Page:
Agadir, Atlas Kasbah, Black Wheatear, Castor oil plant, ecolodge, greenfinch, Little Owl, Moroccan Magpie, Morocco, North African Chaffinch, Oleander, Peruvian cactus, Sardinian warbler
With some time to spare before lunch on the Sunday, I wandered round the award-winning Atlas Kasbah ecolodge. This was the brainchild and baby of Hassan and Hélène, our lovely hosts, and was opened in 2009. Here is a little more of its story.
One storey up was the roof terrace. Three of my companion couples had rooms in the corner towers.
Going down to the ground floor I took a peek unto the salon (French is the alternative language to Berber in Morocco), where if you enter you must remove your shoes.
Wandering outside, I found this lady, who had multiple roles in the establishment, making bread – heavenly to eat – in the traditional oven.
She turned it over and around every few seconds with her stick. It took a couple of minutes to cook one flat bread.
My last discovery was another roof terrace, this time covered, where I was told we would be having lunch shortly. Food for the week was Moroccan, copious and, I suspect, a little westernised. For instance, every time we came back from an excursion, we were greeted with a small glass of herb tea, only slightly sweetened, whereas the locals would have taken five times the amount of sugar.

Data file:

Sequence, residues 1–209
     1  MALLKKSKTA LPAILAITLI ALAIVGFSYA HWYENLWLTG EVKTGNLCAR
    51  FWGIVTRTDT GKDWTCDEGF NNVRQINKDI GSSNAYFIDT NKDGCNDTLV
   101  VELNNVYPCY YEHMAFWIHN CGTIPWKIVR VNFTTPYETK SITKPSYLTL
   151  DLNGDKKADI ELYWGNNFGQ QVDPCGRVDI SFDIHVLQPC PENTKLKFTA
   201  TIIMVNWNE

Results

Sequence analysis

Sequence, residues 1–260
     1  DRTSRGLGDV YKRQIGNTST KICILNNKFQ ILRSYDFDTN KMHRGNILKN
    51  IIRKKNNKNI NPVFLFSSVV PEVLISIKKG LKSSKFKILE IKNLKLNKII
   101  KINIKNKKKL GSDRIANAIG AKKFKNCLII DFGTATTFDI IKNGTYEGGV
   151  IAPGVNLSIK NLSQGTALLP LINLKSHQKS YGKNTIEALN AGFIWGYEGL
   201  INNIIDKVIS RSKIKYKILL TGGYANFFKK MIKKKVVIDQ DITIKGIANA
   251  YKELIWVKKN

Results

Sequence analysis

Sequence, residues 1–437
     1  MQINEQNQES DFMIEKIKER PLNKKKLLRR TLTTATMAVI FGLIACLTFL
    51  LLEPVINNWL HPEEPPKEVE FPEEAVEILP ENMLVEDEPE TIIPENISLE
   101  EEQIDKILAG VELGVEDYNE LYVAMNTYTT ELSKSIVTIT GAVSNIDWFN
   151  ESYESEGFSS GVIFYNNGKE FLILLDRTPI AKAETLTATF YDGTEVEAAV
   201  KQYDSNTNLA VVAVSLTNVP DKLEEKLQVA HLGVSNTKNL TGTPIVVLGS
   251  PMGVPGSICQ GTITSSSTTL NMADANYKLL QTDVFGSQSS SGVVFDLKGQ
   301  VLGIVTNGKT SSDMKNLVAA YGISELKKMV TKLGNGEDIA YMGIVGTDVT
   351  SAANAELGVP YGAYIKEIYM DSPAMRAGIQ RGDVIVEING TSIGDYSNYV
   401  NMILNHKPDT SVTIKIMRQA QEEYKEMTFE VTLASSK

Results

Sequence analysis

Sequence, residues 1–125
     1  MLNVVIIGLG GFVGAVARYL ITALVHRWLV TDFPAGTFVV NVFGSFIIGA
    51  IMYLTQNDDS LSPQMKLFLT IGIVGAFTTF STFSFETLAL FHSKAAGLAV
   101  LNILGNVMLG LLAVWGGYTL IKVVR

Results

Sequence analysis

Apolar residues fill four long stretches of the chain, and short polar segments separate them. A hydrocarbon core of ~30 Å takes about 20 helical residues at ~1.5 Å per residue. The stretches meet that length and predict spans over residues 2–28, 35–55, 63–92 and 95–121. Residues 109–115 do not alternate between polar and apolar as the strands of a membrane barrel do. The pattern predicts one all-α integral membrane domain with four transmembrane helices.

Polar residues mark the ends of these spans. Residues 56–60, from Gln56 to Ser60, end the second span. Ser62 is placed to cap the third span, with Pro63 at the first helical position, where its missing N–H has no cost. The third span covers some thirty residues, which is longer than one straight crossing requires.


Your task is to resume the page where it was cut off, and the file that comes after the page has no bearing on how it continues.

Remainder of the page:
After lunch we were to go for another walk, and I took this photo from the terrace in our intended direction, towards and into the older parts of the local village.
We set off. I just could not stop taking photos of our so photogenic home.
As I said to Philip, as we sat on a low wall waiting for the others to catch us up at one point, I felt it was good to start our week getting our local bearings, and not being isolated from the realities of Moroccan rural poverty. (I also felt it was good to get it over at the beginning of the week.)